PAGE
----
With medical schools requiring 10 or more courses to be completed before applying, how can you succeed in pre-med classes? Here are a few tips that will set you up for success in tough courses like Organic Chemistry or Biochem.
Succeeding in pre-med classes begins way before your first day of college! Being a pre-med student means that you’ll need to plan out your semesters to make sure you have taken all the required courses by the time of application and graduation. With some medical schools requiring more than 10 courses, it is essential that you take the time to plan out your schedule for the year and the upcoming years for two reasons. First, to spread out tough classes like Organic Chemistry and Physics and second, to have a strong foundation and knowledge of the sciences before moving ahead to more complicated courses.
Generally, medical schools will require:
One year of Biology with lab
One year of General Chemistry with lab
One year of Organic Chemistry with lab
One semester of Biochemistry
One year of Physics with lab
One year of English
When you look at this list, do you see any classes that you know you will most likely need to spend more time on than the average student? For me, I knew I struggled with Physics and I also knew that Organic Chemistry would be difficult at my school. Knowing this, I planned my semesters so that I would take Organic Chemistry alongside English and Biology courses, leaving Physics for the next semester. This meant I did not have to sacrifice time from one class for the other, and my workload was never too much at once!
It is recommended that you understand what classes you know you may struggle in, and then pair that with a class you may excel in. Doing so will prevent you from having to sacrifice too much for one class. Also, you can also plan more “enjoyable” courses that aren’t related to medicine, such as a language class or a history course! Meet with an advisor to create a rough draft of your four years of undergrad.
Medical schools make these courses mandatory with the goal of ensuring that their incoming students are competent in the sciences and the labs that come with it. Although they can be seen as a way to see if a student is cut out for medical school, they can also give you a glimpse about what you will be learning about in the future!
Knowing this, try to find ways to apply the knowledge you learn in class to the real world. Organic chemistry may seem boring to you until you realize that it is the backbone of the medications we know and use today. Try not to get caught up in the competition that is sometimes fostered in these courses, and rather develop a genuine interest in the content. One way I did this was when I was questioning why Physics was a required course for pre-meds. I realized that it was important for medicine in so many different ways, from finding out how light worked with the eye to how pressure and volume worked within the human body! Make it interesting for yourself!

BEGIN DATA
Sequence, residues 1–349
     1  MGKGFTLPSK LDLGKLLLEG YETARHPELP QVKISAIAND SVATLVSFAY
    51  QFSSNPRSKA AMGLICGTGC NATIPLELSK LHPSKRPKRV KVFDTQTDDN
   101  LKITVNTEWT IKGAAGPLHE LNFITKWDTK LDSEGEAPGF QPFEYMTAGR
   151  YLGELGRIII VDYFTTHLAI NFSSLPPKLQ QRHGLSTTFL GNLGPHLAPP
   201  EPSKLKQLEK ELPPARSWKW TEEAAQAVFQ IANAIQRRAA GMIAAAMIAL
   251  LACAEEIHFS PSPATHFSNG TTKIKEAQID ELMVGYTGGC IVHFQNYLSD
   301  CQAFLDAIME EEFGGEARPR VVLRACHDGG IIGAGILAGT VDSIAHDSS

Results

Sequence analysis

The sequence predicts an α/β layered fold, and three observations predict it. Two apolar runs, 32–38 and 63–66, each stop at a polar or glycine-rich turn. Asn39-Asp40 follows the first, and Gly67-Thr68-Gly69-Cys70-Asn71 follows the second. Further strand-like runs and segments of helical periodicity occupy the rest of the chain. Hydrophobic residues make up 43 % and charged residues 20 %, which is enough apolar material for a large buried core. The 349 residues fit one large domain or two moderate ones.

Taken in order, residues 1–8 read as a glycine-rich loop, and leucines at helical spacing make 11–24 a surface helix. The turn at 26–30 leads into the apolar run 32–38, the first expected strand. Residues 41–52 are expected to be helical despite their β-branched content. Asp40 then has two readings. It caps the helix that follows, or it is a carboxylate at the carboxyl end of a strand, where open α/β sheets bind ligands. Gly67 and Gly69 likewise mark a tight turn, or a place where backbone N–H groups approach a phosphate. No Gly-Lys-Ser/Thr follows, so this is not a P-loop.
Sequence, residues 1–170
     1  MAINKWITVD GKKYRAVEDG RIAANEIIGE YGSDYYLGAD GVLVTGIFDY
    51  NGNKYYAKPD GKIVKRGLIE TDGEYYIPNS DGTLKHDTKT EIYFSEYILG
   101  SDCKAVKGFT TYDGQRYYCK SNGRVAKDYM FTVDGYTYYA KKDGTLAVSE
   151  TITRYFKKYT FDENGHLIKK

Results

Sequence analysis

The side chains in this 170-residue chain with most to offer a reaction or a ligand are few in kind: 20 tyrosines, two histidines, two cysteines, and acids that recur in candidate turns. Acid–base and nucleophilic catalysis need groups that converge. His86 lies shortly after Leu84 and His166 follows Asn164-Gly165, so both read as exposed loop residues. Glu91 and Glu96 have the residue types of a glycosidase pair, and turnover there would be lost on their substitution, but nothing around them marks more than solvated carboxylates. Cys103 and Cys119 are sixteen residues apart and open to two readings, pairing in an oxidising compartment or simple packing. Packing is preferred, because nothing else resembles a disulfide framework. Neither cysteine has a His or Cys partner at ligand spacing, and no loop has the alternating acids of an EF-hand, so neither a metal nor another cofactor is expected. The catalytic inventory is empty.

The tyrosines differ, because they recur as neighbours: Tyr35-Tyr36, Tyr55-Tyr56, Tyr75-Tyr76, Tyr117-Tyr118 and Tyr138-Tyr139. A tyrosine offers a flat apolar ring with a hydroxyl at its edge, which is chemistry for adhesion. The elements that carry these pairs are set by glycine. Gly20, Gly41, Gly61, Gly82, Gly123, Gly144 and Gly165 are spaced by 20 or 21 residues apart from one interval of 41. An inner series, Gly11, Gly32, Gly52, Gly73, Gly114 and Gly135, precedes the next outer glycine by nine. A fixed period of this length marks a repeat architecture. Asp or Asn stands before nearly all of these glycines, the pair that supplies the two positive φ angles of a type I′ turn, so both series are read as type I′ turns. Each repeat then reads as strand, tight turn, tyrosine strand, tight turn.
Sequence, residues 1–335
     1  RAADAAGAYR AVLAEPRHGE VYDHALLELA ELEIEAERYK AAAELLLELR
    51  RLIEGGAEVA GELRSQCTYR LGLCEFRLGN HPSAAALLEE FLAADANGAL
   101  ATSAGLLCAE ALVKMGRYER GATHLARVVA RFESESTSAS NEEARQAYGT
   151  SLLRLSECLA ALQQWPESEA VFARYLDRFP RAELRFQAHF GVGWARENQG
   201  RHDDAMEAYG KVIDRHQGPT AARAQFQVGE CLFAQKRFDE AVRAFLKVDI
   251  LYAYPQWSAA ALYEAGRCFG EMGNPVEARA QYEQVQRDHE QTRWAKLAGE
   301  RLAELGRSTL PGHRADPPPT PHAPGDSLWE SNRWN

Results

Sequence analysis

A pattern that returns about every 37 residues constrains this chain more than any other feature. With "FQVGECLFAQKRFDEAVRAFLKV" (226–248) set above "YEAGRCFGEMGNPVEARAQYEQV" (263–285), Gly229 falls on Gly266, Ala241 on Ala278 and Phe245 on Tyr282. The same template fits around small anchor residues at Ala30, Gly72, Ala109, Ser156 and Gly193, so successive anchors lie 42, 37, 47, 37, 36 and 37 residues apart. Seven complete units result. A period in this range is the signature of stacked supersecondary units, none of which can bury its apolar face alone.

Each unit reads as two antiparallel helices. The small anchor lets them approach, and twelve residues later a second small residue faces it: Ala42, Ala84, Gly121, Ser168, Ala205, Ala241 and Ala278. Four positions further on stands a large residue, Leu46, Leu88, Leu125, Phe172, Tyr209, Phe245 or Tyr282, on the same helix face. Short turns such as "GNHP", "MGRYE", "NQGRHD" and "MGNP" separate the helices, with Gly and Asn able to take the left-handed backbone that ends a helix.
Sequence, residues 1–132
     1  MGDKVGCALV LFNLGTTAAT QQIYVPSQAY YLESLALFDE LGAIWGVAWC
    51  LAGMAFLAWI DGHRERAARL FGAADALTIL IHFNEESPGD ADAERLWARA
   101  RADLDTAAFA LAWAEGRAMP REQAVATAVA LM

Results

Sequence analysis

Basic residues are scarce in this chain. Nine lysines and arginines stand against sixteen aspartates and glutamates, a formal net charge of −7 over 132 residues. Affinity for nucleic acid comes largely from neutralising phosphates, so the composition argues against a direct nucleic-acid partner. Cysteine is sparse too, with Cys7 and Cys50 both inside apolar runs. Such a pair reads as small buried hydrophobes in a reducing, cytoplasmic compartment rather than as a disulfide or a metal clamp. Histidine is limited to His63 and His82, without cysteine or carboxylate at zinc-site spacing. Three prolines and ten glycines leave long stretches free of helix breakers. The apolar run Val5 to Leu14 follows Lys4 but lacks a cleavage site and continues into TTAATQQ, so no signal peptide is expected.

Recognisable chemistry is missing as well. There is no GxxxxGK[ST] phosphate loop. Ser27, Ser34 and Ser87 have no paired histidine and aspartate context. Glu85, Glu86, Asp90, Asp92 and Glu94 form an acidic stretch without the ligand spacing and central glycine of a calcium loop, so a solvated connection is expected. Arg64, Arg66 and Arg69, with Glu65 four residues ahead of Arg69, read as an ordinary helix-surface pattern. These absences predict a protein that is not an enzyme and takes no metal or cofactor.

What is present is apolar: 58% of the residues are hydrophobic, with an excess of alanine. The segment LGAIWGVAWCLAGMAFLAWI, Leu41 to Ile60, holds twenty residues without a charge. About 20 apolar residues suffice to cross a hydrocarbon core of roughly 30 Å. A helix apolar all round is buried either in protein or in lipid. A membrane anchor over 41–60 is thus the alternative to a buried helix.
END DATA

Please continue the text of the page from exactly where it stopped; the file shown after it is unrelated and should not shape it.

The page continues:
Not everyone learns the same way! During my freshman year, it was clear that everyone had different ways of learning shown through the way they took notes, the questions they asked, and even where they sat in the lecture room. Some people brought their tablets to class and would sketch molecules and diagrams out, while others would simply bring a piece of paper and jot down notes every once in a while.
Finding your learning style during your freshman year will set you up for success as you take on the courses! I personally found out that I am a visual learner, and that I never really looked back at my notes from lectures. Knowing this, I would spend more time paying attention in lecture while drawing out the most important notes from that day at the end of class.
What works for your friend may not work for you and vice versa. Try out different studying styles such as the Pomodoro technique, where you take scheduled breaks while you're working. Take a look at other blog posts on this site for more advice about this!
It’s common to not want to ask for help; you feel that with hard work and putting in the hours you’ll end up understanding the material. Although that could be true, it simply does not hurt to ask for help. Coming into college with AP Chemistry knowledge, I felt that I could get through the course without going to office hours or asking the professor for help. This reflected in my grades as I got back tests that I was not happy with. I needed to realize a few things:
Remember, you’re not alone when you’re taking these classes; you and your classmates are the physicians of the future and are working towards the same goal!
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